Originally written as a radio play for the BBC in 1984 starring Glenda Jackson as Galactia (Jackson and Fiona Shaw have also played the role onstage), Scenes from an Execution is a powerful story of identity and control told as a fight between an artist and the ruling elite over history and legacy. Maxwell immerses herself so much into the role that it feels like magic; when Galactia defends her right as a woman to do anything and say anything that a man can, and to create art without being judged because of her gender, it’s as if Maxwell is making one last stand for her own career, which will turn to film and television once the show closes on August 9. She huffs around Hallie Zieselman’s spare set, which features scaffolding in the back, ranting about her age, her body, and her looks, but Maxwell infuses Galactia with a youthful beauty and energy that is as intoxicating as it is mesmerizing, no matter how self-deprecating it becomes. Barker, whose Judith is running in repertory with Scenes, manages to avoid clichés and never devolves into self-congratulatory pedantic speechifying, even getting away with such character names as Urgentino, Suffici, Sordo, Lasagna, and Ostensible as well as Supporta and Dementia, Galactia’s daughters (played by Lana Meyer and Melissa MacDonald, respectively). Director Richard Romagnoli occasionally freeze-frames the action, as if the audience is suddenly looking at a painting; however, whenever Galactia or Carpeta are hard at work, sketching or painting, they are only mimicking, pretending to move their brushes over a nonexistent canvas or draw on a sheet of paper that remains blank. “Look, her sketchbook on the floor, hot with smudges and corrections,” Urgentino says to art critic Gina Rivera (Pamela J. Gray), pointing at an empty page. “Look! Touch it!” But there’s nothing to touch. Painting, like theater, is to be experienced with different senses, requiring something else from the viewer. “I believe in observation, but to observation you must lend imagination,” Galactia says. Imagination plays a central role in Scenes from an Execution, which also deserves nods for Mark Evancho’s lighting and Cormac Bluestone’s lighting. It’s quite a grand farewell for Maxwell; without trying to be clichéd or pedantic, it will be difficult to imagine New York theater without her.
Metropolitan Museum of Art
Venetian Sculpture of the Renaissance (Gallery 504)
Grace Rainey Rogers Auditorium
1000 Fifth Ave. at 82nd St.
Daily through August 2, free with recommended admission $12-$25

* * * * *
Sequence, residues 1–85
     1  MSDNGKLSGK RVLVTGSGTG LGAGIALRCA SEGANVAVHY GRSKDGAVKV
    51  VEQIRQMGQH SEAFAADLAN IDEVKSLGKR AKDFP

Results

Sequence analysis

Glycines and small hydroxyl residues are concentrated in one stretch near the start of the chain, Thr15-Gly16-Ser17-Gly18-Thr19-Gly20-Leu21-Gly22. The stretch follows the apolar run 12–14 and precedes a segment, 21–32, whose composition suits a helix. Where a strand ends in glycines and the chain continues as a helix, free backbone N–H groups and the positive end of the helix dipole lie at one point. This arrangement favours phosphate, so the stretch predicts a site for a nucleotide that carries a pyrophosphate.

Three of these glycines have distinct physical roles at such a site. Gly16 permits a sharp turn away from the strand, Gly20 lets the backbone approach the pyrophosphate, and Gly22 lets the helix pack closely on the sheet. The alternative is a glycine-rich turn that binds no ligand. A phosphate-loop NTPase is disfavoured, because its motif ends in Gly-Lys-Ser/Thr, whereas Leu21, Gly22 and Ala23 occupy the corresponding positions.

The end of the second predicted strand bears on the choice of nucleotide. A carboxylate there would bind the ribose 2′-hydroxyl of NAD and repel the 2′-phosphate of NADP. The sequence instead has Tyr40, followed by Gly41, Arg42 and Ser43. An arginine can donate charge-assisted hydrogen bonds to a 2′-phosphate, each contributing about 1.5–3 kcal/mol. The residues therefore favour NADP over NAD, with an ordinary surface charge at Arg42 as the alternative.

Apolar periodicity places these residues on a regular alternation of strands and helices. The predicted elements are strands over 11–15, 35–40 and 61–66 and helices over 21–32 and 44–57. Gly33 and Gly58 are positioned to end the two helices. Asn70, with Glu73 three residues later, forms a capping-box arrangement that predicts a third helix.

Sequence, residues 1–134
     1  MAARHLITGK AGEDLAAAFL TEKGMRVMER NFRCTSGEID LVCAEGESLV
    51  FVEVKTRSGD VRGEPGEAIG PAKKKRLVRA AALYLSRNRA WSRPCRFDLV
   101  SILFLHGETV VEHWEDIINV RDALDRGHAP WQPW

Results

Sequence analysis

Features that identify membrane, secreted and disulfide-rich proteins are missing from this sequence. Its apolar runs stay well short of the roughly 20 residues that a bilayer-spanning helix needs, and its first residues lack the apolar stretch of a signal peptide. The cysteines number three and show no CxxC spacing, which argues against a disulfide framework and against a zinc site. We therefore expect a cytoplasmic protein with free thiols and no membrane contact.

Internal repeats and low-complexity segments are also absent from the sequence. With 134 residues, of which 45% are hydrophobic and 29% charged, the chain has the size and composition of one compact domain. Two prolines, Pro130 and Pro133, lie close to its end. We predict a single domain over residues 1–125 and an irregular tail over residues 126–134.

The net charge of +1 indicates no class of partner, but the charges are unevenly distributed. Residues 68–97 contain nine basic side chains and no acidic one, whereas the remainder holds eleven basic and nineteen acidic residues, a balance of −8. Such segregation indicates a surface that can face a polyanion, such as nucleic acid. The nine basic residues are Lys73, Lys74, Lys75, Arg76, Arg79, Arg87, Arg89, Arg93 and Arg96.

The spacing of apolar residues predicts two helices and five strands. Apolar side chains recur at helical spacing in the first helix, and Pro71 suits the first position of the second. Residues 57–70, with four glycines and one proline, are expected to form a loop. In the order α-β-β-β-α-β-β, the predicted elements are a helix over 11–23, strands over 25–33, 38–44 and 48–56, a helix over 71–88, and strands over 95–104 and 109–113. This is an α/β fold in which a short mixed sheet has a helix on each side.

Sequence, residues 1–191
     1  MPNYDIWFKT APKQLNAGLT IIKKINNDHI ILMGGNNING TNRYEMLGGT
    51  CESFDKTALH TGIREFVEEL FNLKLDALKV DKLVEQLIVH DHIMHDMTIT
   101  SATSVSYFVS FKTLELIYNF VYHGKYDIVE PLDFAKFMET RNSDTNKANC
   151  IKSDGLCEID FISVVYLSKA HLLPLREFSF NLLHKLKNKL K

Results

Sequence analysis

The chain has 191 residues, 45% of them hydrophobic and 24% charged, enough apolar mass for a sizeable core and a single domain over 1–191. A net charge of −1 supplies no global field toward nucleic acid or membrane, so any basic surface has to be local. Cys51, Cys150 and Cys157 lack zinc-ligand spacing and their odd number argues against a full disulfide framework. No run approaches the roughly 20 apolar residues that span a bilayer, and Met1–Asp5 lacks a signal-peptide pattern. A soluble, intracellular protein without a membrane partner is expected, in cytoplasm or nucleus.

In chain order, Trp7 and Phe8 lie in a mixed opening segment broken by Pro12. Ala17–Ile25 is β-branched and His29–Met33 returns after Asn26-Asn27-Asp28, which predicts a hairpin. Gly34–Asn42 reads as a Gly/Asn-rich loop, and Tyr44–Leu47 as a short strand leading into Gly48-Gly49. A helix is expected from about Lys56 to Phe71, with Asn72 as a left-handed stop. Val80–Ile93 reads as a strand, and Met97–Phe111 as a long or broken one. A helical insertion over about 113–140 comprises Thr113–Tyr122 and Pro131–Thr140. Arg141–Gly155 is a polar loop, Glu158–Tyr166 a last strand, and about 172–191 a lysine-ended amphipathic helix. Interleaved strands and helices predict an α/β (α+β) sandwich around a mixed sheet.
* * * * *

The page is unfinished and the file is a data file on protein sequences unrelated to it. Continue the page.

the return slideshow
A museum disaster, a literal “fall of Adam,” has led to one of the Met’s most intriguing new pieces and a surprising venture into both digital and performance art. In October 2002, Tullio Lombardo’s late-fifteenth-century marble statue of Adam collapsed to the ground and shattered into more than two hundred fragments, its pedestal giving way to its half-ton weight. In reconstructing what Met assistant curator calls “the most important sculpture from Renaissance Venice to be found outside that city today,” the museum employed digital technology that new media artist Reid Farrington has transformed into an educational and very entertaining interactive two-part installation. Farrington has previously used multiple screens and live performers in such presentations as Tyson vs. Ali (a fictional bout between the two champions), The Passion Project (reimagining Carl Theodor Dreyer’s 1928 film, The Passion of Joan of Arc), and Gin & “It” (a complex behind-the-scenes staging of Alfred Hitchcock’s Rope). Now he brings the restoration of “Adam” back to life with the interactive performance installation “The Return.” In the specially designed Gallery 504, “Adam,” which was commissioned for the tomb of Venice doge Andrea Vendramin, stands atop a new base, an apple in his left hand, his right hand clutching a bare branch of the Tree of Knowledge. Also in the room is a large-scale two-sided monitor that is like a supersized iPhone in which an animated Biblical Adam and a digital avatar of the sculpture discuss free will, determinism, God, compression and shearing, and other lofty subjects with an actor-docent (Cara Francis, Catherine Gowl, or Stephanie Regina), who navigates the performance by focusing on the museum’s groundbreaking reconstruction of the sculpture in brief, ever-changing explanations of specific parts of the sculpture, including the elbow, the torso, and the upper tree trunk. Visitors are encouraged to interact with the digital performer and the docent, so every performance is slightly different.